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Twitter: The 3 Bucket Rule

3BucketRuleImage

 

Deontae Moore 

If you’ve participated in any of our social media trainings, you’ve probably come across this idea of the 3 buckets. While we try to consider this module for all social media platforms, it’s best practice comes from Twitter.

What does the 3 bucket rule mean?

The “3 Bucket Rule will spur you to a better understanding of what you need to do on social media if your organization needs to develop content.

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The “Me” Bucket

You’ve probably already mastered this one. It’s the self-promotion bucket. You create content that talks about your organization (or brand) and pretty much nothing else. This is fine because you should use social media to tell people who you are and what you are doing. But you do not want everything to be centered around you. However, you still need to tell your story and make sure you’re bringing awareness to your organization – that’s understandable. Consider posting a few times for things you’re doing all while eliminating any signs of the “screaming me-mes.”

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The “Me + Community” Bucket

You want to promote organizations doing what you’re doing or highlight any partner organizations you work with. Doing this builds you as an asset and also gives you content. This bucket also suggest that you share news related to what you do. This is purposely done to make you appear credible and to position your organization as a reliable resource.

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The “Me + People” Bucket

Who are your people? People make up an organization. So, this bucket is essentially to give your organization a human face. You want the personalities of your people to shine through to your organization’s account. It makes your content relatable, authentic and offers a human element to your Twitter account. Retweet some of the things your president or marketing director is saying on their Twitter account – make your audience get a sense of who you are. Content that tends to do best on social media is behind the scenes material – so capitalize on this notion.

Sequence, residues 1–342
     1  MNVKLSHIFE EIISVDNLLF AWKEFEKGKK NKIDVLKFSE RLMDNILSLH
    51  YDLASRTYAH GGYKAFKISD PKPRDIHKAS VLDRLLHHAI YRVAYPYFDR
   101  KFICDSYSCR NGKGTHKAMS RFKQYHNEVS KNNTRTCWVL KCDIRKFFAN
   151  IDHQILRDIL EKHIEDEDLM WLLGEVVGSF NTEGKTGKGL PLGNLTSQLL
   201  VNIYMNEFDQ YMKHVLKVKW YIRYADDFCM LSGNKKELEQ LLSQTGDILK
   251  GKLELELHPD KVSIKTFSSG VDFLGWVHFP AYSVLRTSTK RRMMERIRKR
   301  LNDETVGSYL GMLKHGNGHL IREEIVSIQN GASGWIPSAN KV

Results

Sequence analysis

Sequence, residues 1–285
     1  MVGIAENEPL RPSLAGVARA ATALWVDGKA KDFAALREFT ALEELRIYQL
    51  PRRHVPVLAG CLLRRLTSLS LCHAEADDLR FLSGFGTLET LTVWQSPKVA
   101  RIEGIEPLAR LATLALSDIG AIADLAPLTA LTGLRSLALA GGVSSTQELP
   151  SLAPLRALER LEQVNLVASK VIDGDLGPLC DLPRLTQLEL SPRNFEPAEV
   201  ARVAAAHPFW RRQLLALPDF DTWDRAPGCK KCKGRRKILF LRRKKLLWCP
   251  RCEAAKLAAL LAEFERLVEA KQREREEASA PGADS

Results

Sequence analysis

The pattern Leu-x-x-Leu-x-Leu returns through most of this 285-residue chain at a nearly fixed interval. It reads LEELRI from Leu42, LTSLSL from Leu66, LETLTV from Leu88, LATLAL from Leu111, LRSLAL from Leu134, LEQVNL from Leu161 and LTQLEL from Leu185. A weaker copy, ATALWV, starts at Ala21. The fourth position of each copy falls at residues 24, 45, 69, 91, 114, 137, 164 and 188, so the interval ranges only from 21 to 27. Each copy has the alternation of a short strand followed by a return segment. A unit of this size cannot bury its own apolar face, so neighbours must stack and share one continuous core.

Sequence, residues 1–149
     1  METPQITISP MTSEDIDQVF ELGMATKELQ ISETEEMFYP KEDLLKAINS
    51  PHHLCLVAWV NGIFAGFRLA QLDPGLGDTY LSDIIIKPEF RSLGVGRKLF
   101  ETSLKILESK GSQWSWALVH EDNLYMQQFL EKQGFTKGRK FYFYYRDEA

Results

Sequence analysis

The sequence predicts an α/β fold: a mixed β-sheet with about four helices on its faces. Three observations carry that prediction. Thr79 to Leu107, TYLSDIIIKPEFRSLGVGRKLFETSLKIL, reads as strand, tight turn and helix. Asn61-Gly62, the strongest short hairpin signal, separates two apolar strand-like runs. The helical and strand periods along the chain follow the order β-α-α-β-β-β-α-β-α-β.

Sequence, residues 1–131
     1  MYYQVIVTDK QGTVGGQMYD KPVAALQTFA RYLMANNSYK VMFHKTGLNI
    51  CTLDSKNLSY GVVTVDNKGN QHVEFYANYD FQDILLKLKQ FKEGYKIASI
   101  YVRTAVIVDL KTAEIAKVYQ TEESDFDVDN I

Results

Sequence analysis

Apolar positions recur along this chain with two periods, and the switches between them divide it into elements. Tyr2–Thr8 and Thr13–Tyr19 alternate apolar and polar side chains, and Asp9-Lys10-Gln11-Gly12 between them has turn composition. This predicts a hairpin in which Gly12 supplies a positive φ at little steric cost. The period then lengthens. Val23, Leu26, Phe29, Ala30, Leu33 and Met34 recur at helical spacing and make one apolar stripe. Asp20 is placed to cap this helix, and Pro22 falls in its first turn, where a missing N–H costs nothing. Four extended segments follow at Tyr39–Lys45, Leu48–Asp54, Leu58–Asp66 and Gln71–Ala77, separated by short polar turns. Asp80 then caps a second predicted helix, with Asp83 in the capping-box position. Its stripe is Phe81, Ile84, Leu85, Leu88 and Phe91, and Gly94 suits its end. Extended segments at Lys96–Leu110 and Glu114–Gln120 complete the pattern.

We credit the bucket rule to Ms. Amy Guth, a phenomenal communicator. Follow her on Twitter (@amyguth)

Deontae Moore is the Marketing & Digital Media Manager at Community Media Workshop. You can follow him on Twitter here

So, Your Boss Wants to Use Facebook…

Well, here’s a little Facebook 101 to get them started.

Long gone are the days when Facebook was solely for personal use to keep in touch with classmates, friends and family. Now, many nonprofits, brands, and small businesses are using Facebook’s platform to reach their audience. Here at the Workshop, Facebook is a tool we use constantly in our online communications plan to reach our audience, nonprofit communicators. Community Media Workshop has a Facebook fan page for the organization, which allows our co-founder and staff to keep their Facebook profiles separate and for private use. Many founders and executive directors at nonprofits may want to use their Facebook profile on behalf of the organization, however, this is not recommended. Instead, create a Facebook fan page for the organization.

Our resident social media experts are often asked, “what is the difference between a Facebook profile and a page?” Even though it can seem complicated, especially to someone who is new to Facebook, the answer can be put simply: a profile belongs to a person, and a page belongs to an organization or entity, like a nonprofit (and even a cause or a brand).

You can only have one Facebook profile – ’cause there’s only one you 😉

A Facebook profile is your personal “home” on the site where you connect with “friends” and post personal information about yourself including photos and status updates. “Friends” are the profiles of people you allow to view and interact with your profile, and in turn they allow you to view and interact with their profile. Friends will then see updates from your profile in their news feed and you will see their updates in your own news feed. On your profile you can only add 5000 friends. However, you can “follow” a person, which allows you to view any posts that they make public.

A Facebook page is essentially a fan page. You can make pages for your nonprofit, products and services, causes, your favorite band or TV show, and so on. When you create a fan page, fans must click “Like” in order to view updates and interact with the fan page. This is a great way for nonprofits to promote their cause, events, and connect with donors and volunteers.

Profiles and fan pages can tie into one another. At the Workshop, each staff member has a Facebook profile, which we use to log into Facebook and manage the organization’s page as an administrator. This means even though we are logging in with our personal profile information we are choosing to use Facebook as an administrator for Community Media Workshop’s fan page.  Did I confuse you? Sorry, there will be a part two, stay tuned.  In the meantime, sign up for our Social Media 101 training coming up on September 28th. And, enjoy this video that elaborates more on Facebook profiles vs. pages.

 

Post by DeAnndra Bunch

Storytelling with Storify

Guest post by Community Media Workshop board member Teresa Puente

Looking for an innovative way to tell a story?

Try Storify.

Storify uses social media to curate and create stories.

You pull publicly available information from Twitter, Facebook, Flickr, Instagram and You Tube. You also can paste a link from anything you find in the web and post it on Storify.